I'm writing a book on relationships *and* working on a theory of humor, and so, this book promises a great many insights, especially as the essays are largely penned by comedians: persons who are verbal, expressive, uninhibited, lacking all stage fright, compulsively confessional, and allergic to clichés. Everything I need in an information source.
• This book is not packed with information. Most of it isn't even witty. More like the same few lessons, said 40 different ways, like student essays about summer vacations. From cover to cover, I find myself not learning, not laughing, and not sympathizing.
• If you're reading for research and insight, this book is useless. If you're reading it for entertainment, it's not all that funny. Most of the chapters boil down to "We broke up because one of us was clueless. For purposes of comedy, I will now smirk while pretending it wasn't me" -- the same running gag used by MANY of the authors. YAWN.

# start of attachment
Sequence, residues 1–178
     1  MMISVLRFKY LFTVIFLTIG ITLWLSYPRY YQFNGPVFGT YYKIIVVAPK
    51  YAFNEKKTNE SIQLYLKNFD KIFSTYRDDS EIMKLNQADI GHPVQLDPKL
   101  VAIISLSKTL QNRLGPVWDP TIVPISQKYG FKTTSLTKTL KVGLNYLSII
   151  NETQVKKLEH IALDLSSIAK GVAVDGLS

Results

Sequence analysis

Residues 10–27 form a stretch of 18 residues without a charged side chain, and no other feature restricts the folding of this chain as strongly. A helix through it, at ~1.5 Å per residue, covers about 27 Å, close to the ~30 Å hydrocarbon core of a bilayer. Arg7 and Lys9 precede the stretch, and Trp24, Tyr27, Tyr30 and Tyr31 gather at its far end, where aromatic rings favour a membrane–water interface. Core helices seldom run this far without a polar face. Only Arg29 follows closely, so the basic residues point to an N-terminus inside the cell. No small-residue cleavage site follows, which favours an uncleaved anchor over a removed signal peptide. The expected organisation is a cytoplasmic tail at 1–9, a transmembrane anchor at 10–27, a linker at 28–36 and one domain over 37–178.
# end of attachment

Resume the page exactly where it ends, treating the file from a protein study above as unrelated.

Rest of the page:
• Oh, and Dan Savage's essay -- Thanks, Daniel, for that l-o-v-e-l-y lesson in gross anatomy. Gross.
• Bright spots: When you grow tired of banality, you might skip ahead and read the superb final chapter, "She Wasn't the One" by Bruce Jay Friedman. Patton Oswalt aims high and hits his target with "Dating a Stripper Is a Recipe for Perspective" (Lesson #41). David Wain's "Persistence Is for Suckers" (Lesson #4) is genius.